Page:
Stunned, Jeanne’s heart melted, filling her with love and her eyes with tears.  Jeanne could not believe what she had heard.  Here was the reason she made the journey.

After that experience, Jeanne’s two paths merged. She understood the old Indian saying; There are many rivers that flow into one ocean.  There was only One Light; music, faith, Christianity, Kirtan, chanting, love, peace, inner quiet, purity, all were one.

As Jeanne began the Kirtan session, I heard it all in her voice. Jeanne’s chants were a combination of traditional Hindu chants but her interpretations were unique, she borrowed elements of Jazz and wove classical elements into the structure. Jeanne’s light and sensitive touch allowed me to withdraw from my body and the external environment and leap to a higher plateau. I forgot about the recording as the resonance of sound reverberated through the room. I thought of what Jeanne said, “Music pulls on you.  You’re an instrument of the sound, it works through me, making the music and harmony glorify the higher power—the mechanics glorify it.” Jeanne’s musical journey had started with creative expression, but turned into a vehicle for expressing the sacred.


Uncontacted Tribes: The Last Free People on the Planet?

It’s hard to believe, but indigenous tribes continue to exist on our planet. These tribes have never had contact with the Internet, iPads, mass-produced food, manufactured drugs, rock & roll, rapid transportation, TV and the other myriad wonders and vices of our society. And like many living beings we encounter, their continued existence is in question.

The BBC series Human Planet recently released the first aerial footage of one of these mysterious tribes, living in the Brazilian Rainforest. In this stunning film, shot from 1km away using a stabilized zoom lens in order to minimize the impact on the tribe, we see the red-painted tribes-people curiously aware of the plane, holding staffs and loosely congregating around a main lodge and other buildings.

Little is known about their language or customs and their very existence is an ethical challenge to our plugged in civilization. Does this tribe have a right to live undisturbed? Like the prime directive in the Star Trek Series, should we have a non- interference policy when encountering cultures with less developed technology?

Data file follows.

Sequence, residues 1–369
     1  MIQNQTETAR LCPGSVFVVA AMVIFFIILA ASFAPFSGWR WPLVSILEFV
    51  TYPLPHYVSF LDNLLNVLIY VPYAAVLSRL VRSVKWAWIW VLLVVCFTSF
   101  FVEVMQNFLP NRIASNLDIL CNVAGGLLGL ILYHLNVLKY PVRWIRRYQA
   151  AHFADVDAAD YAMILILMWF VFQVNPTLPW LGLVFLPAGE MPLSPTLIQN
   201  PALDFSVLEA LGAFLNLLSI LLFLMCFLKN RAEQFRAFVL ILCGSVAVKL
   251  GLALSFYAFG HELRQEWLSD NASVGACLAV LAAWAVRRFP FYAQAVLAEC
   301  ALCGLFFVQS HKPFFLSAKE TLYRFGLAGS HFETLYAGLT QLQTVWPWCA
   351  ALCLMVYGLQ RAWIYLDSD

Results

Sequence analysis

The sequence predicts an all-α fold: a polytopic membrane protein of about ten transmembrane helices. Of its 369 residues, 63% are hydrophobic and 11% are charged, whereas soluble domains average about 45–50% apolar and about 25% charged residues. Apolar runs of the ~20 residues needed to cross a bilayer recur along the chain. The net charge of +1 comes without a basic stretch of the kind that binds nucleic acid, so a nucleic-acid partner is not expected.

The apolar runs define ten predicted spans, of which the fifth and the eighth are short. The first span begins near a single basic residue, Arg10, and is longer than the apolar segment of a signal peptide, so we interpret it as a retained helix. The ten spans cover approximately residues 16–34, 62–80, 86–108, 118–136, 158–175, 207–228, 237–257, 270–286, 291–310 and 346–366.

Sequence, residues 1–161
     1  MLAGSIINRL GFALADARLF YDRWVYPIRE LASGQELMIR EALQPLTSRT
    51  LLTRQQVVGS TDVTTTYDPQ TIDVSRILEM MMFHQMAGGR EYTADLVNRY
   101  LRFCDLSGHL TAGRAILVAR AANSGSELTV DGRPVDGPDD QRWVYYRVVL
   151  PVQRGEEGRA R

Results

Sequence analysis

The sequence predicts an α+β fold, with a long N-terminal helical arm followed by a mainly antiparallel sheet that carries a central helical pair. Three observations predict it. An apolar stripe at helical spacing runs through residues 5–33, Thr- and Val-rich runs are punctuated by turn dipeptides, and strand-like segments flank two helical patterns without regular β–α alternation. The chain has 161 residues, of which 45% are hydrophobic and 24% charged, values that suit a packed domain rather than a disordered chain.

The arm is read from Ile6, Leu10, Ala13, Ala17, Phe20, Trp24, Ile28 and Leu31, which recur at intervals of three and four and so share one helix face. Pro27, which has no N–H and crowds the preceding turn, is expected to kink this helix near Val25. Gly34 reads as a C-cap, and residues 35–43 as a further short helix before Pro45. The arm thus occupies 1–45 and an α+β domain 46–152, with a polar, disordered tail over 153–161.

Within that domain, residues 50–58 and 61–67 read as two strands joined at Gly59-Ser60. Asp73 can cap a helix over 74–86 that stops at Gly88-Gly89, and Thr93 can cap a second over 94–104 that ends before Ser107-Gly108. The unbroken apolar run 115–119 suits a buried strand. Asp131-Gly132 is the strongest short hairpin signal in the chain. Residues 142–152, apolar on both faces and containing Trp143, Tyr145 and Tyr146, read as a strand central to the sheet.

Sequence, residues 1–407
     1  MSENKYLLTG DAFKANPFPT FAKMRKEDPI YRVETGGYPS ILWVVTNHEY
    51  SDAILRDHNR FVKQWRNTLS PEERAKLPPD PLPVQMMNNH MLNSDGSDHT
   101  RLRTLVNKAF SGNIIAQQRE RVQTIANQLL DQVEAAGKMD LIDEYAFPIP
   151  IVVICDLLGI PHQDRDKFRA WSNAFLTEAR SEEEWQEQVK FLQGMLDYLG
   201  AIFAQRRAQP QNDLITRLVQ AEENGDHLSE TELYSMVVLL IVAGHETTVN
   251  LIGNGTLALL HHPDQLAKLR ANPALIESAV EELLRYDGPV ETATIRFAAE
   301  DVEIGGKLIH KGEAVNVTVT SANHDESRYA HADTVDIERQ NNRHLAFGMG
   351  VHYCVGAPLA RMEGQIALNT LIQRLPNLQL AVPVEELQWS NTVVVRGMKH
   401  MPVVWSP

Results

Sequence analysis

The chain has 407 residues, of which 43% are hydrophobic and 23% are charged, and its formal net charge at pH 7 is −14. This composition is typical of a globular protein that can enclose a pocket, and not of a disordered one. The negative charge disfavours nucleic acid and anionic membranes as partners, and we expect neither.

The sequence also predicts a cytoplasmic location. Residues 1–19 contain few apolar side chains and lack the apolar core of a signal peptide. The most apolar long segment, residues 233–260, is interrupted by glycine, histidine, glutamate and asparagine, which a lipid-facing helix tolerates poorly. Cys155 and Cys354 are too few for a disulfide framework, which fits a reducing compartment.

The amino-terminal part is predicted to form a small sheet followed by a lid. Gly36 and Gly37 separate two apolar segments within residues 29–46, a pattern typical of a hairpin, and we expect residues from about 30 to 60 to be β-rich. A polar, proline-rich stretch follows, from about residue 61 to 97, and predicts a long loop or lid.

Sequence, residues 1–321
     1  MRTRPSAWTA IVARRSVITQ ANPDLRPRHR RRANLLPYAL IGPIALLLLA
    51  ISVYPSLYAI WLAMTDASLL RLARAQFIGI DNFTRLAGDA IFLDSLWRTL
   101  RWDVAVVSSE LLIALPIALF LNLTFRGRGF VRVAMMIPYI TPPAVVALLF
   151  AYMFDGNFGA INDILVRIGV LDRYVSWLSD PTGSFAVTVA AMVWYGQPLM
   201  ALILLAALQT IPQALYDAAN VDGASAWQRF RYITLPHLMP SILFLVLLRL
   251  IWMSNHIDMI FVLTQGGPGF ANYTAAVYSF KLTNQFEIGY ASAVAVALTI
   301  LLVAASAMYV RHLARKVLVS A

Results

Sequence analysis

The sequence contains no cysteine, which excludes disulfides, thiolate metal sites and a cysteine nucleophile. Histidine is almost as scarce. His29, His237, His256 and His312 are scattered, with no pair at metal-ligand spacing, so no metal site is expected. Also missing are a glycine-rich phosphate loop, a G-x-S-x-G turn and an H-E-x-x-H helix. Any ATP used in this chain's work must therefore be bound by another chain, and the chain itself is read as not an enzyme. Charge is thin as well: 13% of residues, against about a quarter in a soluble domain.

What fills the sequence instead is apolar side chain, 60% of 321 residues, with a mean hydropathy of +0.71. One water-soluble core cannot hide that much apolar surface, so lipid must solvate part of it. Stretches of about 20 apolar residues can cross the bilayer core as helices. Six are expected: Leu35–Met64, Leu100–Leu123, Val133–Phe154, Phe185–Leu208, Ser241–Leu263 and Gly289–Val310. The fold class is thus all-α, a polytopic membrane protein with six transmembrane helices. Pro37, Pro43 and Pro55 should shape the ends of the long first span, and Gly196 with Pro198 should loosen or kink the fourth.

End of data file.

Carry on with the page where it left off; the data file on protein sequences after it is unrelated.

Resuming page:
One man fighting to save the tribes is Jose Carlos Meirelles, an official who works for FUNAI, a Brazilian Government Agency that protects the region’s indigenous people. These isolated tribes are under the constant threat posed by illegal logging and mining and tribes-people have been killed by loggers in the past. Cultural contamination is a slower death, but a death all the same. As a consequence, Meirelles has decided to take his fight public, believing the tribe’s continued survival depends on proving and publicizing their existence.

“One image of them has more impact than a thousand reports,” Meirelles says. “There future doesn’t depend on them, it depends on us, our conscience…. they remind us it’s possible to live in a different way. They’re the last free people on the planet.”

Brazil is thought to be home to around 70 isolated tribes, the last free people on earth. Can a civilization with vastly superior technology refrain from exploiting and wiping out another culture? Let’s hope Meirelles plan works so these tribes can continue to exist without interference.

To help this tribe, go to Uncontacted Tribes and sign the petition or donate.

Moksha Festival: An Insider’s View with Arvind Chittumalla

As the long, warm days following the summer solstice unwind, Los Angeles will hold the first Moksha Fesitival at Santa Monica College Performing Arts Center on Aug 13th and 14th.   The Moksha Festival will celebrate Yoga and its sister sciences, Ayurveda, Mantra, Jyotish, Vaastu and Kirtan and was created, organized and funded by Arvind Chittumalla.

I was first introduced to Kirtan by a fellow yogi and ironically, though I didn’t know it at the time, this would connect me to the concept of Moksha in a very intimate manner. Initially, I was reluctant to try Kirtan, the ancient Hindu practice of call and response, where mantras are chanted or called out in groups.  However, after some coaxing and reassurance, I went to my first circle and it changed my life for the better.  After attending several Kirtans by various performers, I began to understand the meanings of the mantras chanted, which are said to have a miraculous ability to transform the individual’s health and consciousness. In my heart, it felt right and I could sense the changing shifts in my mood and overall well-being. It brought me a sense of calm and blissfulness similar to being “high”, though not in the medical sense. The combination of syllables and the vibrations produced during Kirtans struck me on a deep emotional level, often causing me to shed tears of pain and joy.  It became “sound therapy” for my heart and mind. I can confess I am now a Kirtan Junkie.  I chant when I need to be reminded of my potential to be happy and to honor the loving presence in all beings.